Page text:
Transitioning prisoners and the Prison Service

It seems I may have been semi-gazumped on my own Freedom Of Information requests – yesterday, both The Sun and the Daily Mail published stories about Trans prisoners. As with much published by those papers, it’s not news as the policy has been around in draft form for a couple of years. (PDF link)

I should point out that the guidelines are described by the Ministry of Justice as a “historical” document rather than one that reflects current policy. However, I understand that the document is still available to prison management and does relate fairly closely to what actually happens at the moment. From the point of view of a transitioning prisoner, it is quite problematic in a number of ways.

Firstly, you had better hope you do not get locked up on remand while in the early stages of working things out but before getting referred to a consultant. Section 4.1 states that before you get as far as a trial, they will not generally even consider any requests for medical intervention. Certainly for larger cases, you can end up on remand for months and that is a long, long time for someone suffering from acute gender dysphoria. Combined with the pressure of prison and a court case, I struggle to think that anyone could survive that.

Secondly, the rules for the prison you are located (section 9.1) state that the default assumption is that you will be held in the prison related to birth gender until you are either post-operative or have a GRC. There’s the obvious Catch-22 here that someone needs to pass the “real life test” before surgery or a GRC, which one can’t do while still in the wrong prison. Even apart from that, being in the wrong prison is clearly going to be very stressful. It was ruled in 2009 (In AB vs. the Secretary of State for Justice) that this was inappropriate, even before the Equalities Act 2010 came into force although it’s possible the EA2010 has created new loopholes. Certainly in the recent case of Nina, we’ve seen someone inappropriately put in a male prison despite being fully transitioned.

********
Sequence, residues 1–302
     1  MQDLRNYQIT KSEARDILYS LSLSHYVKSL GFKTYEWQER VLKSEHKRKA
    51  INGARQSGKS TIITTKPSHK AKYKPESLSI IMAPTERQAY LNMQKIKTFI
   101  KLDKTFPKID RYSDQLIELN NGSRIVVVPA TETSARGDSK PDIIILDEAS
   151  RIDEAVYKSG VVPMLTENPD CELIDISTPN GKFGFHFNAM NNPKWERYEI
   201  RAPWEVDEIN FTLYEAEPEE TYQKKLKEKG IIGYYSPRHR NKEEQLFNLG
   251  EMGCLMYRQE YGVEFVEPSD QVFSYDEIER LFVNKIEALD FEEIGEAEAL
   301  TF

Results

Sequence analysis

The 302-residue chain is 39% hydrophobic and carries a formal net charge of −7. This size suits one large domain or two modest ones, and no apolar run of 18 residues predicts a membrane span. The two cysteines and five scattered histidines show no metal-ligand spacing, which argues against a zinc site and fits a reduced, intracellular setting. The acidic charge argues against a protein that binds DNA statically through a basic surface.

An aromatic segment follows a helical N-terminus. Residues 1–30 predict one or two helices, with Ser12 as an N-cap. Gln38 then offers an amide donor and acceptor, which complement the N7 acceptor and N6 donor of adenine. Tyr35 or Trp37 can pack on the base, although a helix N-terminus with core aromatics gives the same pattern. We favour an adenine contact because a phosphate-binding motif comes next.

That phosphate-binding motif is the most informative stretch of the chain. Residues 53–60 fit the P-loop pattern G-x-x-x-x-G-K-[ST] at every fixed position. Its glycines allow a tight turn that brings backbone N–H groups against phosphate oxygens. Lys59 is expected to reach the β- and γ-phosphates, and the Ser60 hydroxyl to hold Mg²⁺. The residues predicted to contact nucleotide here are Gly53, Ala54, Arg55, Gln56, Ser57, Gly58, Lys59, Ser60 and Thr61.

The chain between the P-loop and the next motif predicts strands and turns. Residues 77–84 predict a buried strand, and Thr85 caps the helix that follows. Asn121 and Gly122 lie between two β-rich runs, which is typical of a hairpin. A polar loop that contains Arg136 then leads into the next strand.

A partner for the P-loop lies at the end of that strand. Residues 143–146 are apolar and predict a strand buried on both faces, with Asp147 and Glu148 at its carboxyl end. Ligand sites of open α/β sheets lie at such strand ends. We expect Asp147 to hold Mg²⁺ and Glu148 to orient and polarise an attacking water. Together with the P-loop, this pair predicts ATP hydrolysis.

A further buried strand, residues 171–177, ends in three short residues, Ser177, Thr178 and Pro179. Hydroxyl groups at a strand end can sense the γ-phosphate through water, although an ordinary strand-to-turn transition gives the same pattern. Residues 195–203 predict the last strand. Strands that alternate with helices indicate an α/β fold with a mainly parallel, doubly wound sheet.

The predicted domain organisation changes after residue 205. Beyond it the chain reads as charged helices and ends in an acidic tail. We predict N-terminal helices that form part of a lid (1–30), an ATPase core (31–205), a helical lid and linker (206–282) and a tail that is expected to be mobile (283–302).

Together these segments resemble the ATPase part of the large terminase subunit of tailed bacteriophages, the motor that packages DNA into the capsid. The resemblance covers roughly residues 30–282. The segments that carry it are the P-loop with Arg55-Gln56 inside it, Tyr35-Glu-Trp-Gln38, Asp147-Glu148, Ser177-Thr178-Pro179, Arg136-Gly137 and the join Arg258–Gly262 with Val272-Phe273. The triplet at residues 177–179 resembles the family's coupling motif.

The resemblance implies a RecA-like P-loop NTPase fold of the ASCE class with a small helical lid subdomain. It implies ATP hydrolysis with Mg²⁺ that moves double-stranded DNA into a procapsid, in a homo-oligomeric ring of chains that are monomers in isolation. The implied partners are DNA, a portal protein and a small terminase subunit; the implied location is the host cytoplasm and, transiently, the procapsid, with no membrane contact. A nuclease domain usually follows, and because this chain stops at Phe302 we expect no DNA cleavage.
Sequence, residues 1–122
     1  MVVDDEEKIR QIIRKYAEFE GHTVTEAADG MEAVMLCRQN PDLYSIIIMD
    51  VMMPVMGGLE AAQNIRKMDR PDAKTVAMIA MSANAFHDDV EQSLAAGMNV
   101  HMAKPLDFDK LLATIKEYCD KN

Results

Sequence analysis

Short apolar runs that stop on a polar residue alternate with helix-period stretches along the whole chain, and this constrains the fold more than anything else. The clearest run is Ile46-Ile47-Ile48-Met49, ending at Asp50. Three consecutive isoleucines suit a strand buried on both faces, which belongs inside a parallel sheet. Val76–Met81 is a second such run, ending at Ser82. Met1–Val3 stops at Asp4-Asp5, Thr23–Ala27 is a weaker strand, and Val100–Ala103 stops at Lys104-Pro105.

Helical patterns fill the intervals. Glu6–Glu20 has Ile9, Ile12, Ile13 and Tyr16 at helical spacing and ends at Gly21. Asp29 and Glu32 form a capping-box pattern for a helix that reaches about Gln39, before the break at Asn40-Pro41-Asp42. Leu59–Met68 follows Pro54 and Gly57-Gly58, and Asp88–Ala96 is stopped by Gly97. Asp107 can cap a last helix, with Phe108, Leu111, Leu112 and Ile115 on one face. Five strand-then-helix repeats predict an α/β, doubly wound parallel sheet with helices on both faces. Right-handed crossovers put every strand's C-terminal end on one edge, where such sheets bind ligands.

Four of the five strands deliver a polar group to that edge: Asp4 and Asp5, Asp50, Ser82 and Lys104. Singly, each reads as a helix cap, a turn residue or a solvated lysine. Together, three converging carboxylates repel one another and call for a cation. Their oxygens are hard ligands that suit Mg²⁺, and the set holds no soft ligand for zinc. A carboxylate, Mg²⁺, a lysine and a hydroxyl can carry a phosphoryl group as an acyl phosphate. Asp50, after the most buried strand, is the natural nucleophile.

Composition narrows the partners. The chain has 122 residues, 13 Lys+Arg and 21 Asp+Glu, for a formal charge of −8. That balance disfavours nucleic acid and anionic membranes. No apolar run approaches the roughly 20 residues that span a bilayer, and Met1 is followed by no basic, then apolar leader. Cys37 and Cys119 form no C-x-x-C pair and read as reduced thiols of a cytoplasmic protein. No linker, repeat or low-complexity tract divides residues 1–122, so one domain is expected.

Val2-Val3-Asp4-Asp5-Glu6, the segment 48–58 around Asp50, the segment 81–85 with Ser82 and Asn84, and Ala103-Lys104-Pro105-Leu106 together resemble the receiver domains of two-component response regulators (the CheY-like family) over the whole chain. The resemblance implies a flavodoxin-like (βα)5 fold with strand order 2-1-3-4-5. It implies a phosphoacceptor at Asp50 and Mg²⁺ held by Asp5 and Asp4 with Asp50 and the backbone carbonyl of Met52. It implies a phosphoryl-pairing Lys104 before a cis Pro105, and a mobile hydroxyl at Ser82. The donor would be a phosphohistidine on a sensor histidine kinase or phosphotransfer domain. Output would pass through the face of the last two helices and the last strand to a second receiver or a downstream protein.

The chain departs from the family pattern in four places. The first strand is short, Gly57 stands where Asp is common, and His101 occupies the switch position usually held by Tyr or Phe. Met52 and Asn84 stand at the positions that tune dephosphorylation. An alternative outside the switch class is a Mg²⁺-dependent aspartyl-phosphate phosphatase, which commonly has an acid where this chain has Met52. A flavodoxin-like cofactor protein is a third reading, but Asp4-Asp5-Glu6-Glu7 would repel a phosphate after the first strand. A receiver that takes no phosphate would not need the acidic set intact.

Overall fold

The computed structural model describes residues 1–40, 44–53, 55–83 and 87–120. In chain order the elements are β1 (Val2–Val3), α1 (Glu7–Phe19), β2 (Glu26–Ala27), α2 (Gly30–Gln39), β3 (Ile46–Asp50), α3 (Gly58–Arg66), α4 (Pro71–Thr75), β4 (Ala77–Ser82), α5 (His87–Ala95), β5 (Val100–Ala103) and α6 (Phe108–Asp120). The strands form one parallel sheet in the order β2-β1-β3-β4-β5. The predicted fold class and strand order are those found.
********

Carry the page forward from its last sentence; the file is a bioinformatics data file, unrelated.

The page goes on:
And there is some very uninformed discussion in section 9.2 about the “risk” of putting a transwoman into a female prison, particularly if they have committed sex crimes and/or are pre-op. This is entirely backwards, as the effects of hormones (Just HRT, but particularly so for anti-androgens) is to reduce sex drive. Indeed, in some countries they have actually been used to “treat” sex offenders to reduce the risk of re-offending. Rather, there is an increased risk of a transwoman being attacked as she will be physically weaker than much of the rest of the population. Conversely, transmen will be being given hormones that will boost sexual and violent urges and make them stronger and would thus seem to pose a greater risk to the population in a female prison if they have been convicted of crimes of a violent or sexual nature, but this is not discussed.

As usual, it is a case of transmen invisibility coupled with the usual cisgendered fear of “men” getting in amongst the women. Straight, cisgendered males seem to struggle – even if they have the best of intentions – with the idea that someone might not be doing this for sexual reasons.

The new plan is apparently “in development” and should be implemented, if it is approved, “early next year”. There does not appear to be any opportunity for Trans groups to have any input into the draft document before it comes into force, something I intend to raise with the Ministry of Justice.


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